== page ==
The Atlanta Braves returned to Turner Field still needing a win to clinch the National League pennant on October 20, 1999. After taking a 3-0 lead in the NL Championship Series, they had lost the last two games in New York. The momentum had changed and the Mets were now thinking that they might make a comeback in the series as the two teams prepared for Game Six.
Both teams were facing different legacies this evening. The Braves didn’t expect to face much competition in their quest for another World Series championship after winning five of six games against the Mets near the end of the regular season. But suddenly they were on the verge of a historic collapse in the NLCS.1 At the time, no teams had ever won the first three games and lost a playoff or championship series.2
The Mets had seen their postseason chances almost evaporate at the end of the regular season. They had lost eight of nine games to the Braves and Philadelphia Phillies. Their dream of clinching the division was gone in just over a week.
But the Mets put themselves back together. Their young players snapped out of a daze and the veterans finally stepped up to keep their playoff hopes alive.3 They won their last final three games, a sweep of the Pirates. Then they won a wild-card playoff tiebreaker against the Cincinnati Reds and beat the NL West champion Arizona Diamondbacks in four games. After their epic 15-inning victory at Shea Stadium in Game Five of the NLCS, the Mets looked like they might be a team of destiny.
The Braves sent Kevin Millwood to the mound, hoping he would help them to regain their confidence. Millwood had pitched seven solid innings on his way to winning Game Two. He told the press that he was confident. Reflecting on his previous win before the game, he said, “I didn’t have my best stuff [in Game Two]. … They probably saw a lot of pitches last time they won’t see this time.”4
Mets manager Bobby Valentine sent Al Leiter to the mound. Leiter had pitched well in a losing effort in Game Three. He gave up only one unearned run in that game and somehow wound up with the loss as the Mets failed to score. While he had a 3.67 ERA in his last four starts, he was pitching on three days’ rest for the first time since 1994. Valentine thought he could count on Leiter since he had only thrown 103 pitches in his previous game.5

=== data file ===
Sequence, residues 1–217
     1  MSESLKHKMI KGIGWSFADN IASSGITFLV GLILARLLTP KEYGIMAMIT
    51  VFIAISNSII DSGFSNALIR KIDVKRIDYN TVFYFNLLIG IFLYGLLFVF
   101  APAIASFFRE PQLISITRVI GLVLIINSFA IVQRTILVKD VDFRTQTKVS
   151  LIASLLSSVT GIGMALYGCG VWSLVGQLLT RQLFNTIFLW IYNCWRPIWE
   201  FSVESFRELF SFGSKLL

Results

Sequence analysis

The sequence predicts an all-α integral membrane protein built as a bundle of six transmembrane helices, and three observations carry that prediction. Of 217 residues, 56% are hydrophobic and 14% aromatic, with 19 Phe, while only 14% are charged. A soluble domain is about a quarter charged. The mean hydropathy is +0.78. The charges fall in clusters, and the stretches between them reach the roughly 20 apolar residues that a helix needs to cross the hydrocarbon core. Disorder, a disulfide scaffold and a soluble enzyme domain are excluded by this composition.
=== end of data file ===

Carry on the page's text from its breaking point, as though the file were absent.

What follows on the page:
The Braves stormed out to a 5-0 lead in the first inning. Leiter hit leadoff batter Gerald Williams and then walked Bret Boone. Williams and Boone then took advantage of catcher Mike Piazza. Piazza was playing hurt; he had suffered a mild concussion in Game Three.6 When he tried to throw out Williams as the runner went for third, Piazza’s throw skipped past the third baseman to allow Williams to score. Leiter ended up hitting another batter and giving up two singles before Valentine finally removed him from the game. He had not even recorded an out.
Millwood kept the Mets in check for the first five innings. He gave up just four singles. Two of the singles came in the fifth inning and these might have been harbingers of things to come.
The Mets hitters finally came alive in the sixth. Millwood gave up a double to Edgardo Alfonzo and a single to John Olerud to start the inning. Piazza hit a sacrifice fly to score Alfonso. Millwood then gave up a double to Robin Ventura and a single to Darryl Hamilton. Hamilton’s single scored two runners and suddenly the score was 5-3. Bobby Cox replaced Millwood with Terry Mulholland who retired the side when he got Rey Ordonez to ground out into a double play. But the Mets had scored three runs to narrow the Braves’ lead.
Pat Mahomes, who replaced Leiter in the first inning, pitched well through the fourth. Turk Wendell took over in the fifth and got the Braves out in order. But he fell apart in the sixth inning when he couldn’t get the Braves out. He loaded the bases before Valentine pulled him for Dennis Cook. Cook gave up a single to pinch hitter Jose Fernandez that scored two runs. By the time Cook got Williams to fly out and end the inning, the Braves were up 7-3.
But the Mets were not done scoring. They exploded for four more runs in the top of the seventh to tie the game. Cox had called on John Smoltz to come from the bullpen. Smoltz, pitching on three days’ rest after starting Game Four, was shelled from the first pitch.
Smoltz gave up consecutive doubles to Henderson and pinch hitter Matt Franco to lead off the inning. After Smoltz got Alfonzo to fly out to right field, Olerud hit a single and two runs scored. Now Piazza stepped to the plate and blasted a home run; suddenly the score was tied 7-7. Mike Remlinger came in from the bullpen to stop the bleeding but the damage was already done.
In the bottom of the eighth, the Mets took the lead for the first time. Leadoff batter Benny Agbayani singled and moved to second on a sacrifice bunt by Ordonez. He scored when pinch-hitter Melvin Mora singled to center field.